# When everything is a 'one-liner'

## It's no wonder so many programmers are hesitant to adopt the functional paradigm!

#### August 30, 2021

I had a wonderful realization today about functional programming in LISP-style languages (like Clojure). You see, I've been trying to 'grok' functional programming for several years now. It's been a slow, difficult journey. To me, on the outside looking in, everything seemed harder in a functional paradigm.

The traditional ways to express the reasons for the difficulty include ideas like:

• You don't just update the value of a variable to save your place in an algorithm anymore.
• You don't pass references around expecting functions to update them.
• There is no mutable 'state'!

Well, here's a new way to express it that I've never heard before:

In LISP (and it's derivitaves) everything you write is a 'one-liner'.

Have you ever challenged yourself to write an entire routine or algorithm as a single statement or expression? In more mainstream languages this is usually quite a challenge. Why is that? Because you have to think in a functional paradigm! When composing a one-line solution all of the above bullet points apply!

Well, guess what: every top-level expression you write in a LISPy language is a one-liner! Don't believe me? Let's consider a function I wrote earlier today.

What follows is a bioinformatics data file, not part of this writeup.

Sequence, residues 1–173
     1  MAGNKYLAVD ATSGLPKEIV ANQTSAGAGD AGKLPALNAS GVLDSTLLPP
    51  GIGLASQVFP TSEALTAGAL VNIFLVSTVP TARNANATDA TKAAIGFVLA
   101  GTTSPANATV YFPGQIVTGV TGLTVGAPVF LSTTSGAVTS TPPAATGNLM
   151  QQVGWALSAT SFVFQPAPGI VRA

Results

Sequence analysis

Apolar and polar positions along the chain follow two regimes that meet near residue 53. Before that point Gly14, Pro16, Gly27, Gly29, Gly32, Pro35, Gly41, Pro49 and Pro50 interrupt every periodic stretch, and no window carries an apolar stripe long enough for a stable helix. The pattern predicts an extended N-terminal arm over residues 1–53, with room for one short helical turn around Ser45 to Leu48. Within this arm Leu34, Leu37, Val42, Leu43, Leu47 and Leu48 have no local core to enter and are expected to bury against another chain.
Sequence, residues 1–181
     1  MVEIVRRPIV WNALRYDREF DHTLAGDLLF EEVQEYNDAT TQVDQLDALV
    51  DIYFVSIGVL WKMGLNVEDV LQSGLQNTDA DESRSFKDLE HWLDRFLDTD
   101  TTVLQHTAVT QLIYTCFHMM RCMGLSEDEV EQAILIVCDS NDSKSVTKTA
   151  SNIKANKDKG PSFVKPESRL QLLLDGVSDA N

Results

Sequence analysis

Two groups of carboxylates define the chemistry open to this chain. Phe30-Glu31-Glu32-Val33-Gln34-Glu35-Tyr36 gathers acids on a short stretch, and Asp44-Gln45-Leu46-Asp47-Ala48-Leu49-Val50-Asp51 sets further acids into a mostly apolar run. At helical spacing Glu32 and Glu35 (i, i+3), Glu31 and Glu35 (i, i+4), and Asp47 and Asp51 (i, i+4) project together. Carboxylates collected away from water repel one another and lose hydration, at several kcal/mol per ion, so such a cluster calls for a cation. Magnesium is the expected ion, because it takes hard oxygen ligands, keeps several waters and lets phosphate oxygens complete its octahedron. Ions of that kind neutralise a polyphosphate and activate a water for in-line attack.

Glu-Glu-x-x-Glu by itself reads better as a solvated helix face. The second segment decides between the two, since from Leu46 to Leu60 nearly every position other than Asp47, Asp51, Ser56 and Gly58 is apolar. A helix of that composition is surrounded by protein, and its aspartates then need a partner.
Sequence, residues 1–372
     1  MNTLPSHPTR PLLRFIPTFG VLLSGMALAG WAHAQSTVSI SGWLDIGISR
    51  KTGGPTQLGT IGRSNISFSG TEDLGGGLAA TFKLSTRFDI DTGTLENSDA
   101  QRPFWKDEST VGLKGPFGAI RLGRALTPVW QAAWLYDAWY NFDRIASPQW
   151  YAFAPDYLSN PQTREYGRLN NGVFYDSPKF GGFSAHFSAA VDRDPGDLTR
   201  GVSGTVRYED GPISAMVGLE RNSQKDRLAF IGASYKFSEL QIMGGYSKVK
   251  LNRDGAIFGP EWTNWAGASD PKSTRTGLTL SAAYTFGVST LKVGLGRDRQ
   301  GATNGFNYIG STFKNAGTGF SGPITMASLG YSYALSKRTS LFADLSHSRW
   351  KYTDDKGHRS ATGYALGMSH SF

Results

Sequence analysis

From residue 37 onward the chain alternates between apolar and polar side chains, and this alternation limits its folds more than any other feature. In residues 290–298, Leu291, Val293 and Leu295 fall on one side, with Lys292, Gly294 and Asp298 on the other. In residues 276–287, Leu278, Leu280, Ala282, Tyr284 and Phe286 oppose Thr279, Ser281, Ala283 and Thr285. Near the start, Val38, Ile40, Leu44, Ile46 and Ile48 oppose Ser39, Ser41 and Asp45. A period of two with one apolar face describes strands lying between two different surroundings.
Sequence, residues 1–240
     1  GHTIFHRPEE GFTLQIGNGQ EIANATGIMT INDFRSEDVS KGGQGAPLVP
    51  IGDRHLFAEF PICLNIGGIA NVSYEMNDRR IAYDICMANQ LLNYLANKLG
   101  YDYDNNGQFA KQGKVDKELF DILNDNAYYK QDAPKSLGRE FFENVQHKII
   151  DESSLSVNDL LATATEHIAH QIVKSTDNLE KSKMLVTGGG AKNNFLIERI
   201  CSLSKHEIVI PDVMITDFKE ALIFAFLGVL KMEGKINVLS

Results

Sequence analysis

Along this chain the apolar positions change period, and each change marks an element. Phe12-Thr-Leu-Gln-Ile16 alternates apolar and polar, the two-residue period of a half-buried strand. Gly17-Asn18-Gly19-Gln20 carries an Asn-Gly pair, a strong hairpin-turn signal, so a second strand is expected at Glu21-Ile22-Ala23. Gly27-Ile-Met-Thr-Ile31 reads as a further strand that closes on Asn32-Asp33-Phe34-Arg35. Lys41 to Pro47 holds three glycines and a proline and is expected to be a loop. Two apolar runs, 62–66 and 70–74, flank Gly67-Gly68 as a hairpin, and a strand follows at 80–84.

For context, the function takes a single string that looks like a square grid with dashes and `x` characters:

``````(str "-x-"
"-x-"
"x-x"
``````

...and returns a `set` containing the `[x y]` coordinates of the `x` characters (assuming that the first character is [0 0]):

``````#{[1 0]
[1 1]
[0 2]
[2 2]}
``````

Here's what the function looked like:

``````(defn parse-grid [raw]
(let [width (int (Math/sqrt (count raw)))]
(set (for [n (range (count raw))
:let [x (int (mod n width))
y (int (/ n width))]
:when (= (nth raw n) \x)]
[x y]))))
``````

Notice that the `defn` form is a single expression, with a bunch of nested expressions[1], and could therefore be rendered a one-liner:

``````(defn parse-grid [raw] (let [width (int (Math/sqrt (count raw)))] (set (for [n (range (count raw)) :let [x (int (mod n width)) y (int (/ n width))] :when (= (nth raw n) \x)] [x y]))))
``````

While we do have some great tools for working with these kind of nested expressions, it doesn't change the fact that we are working with some potentially complicated nested expressions to get work done.

[1]The list comprehension employed in this example actually makes this code much more readable than it would be otherwise.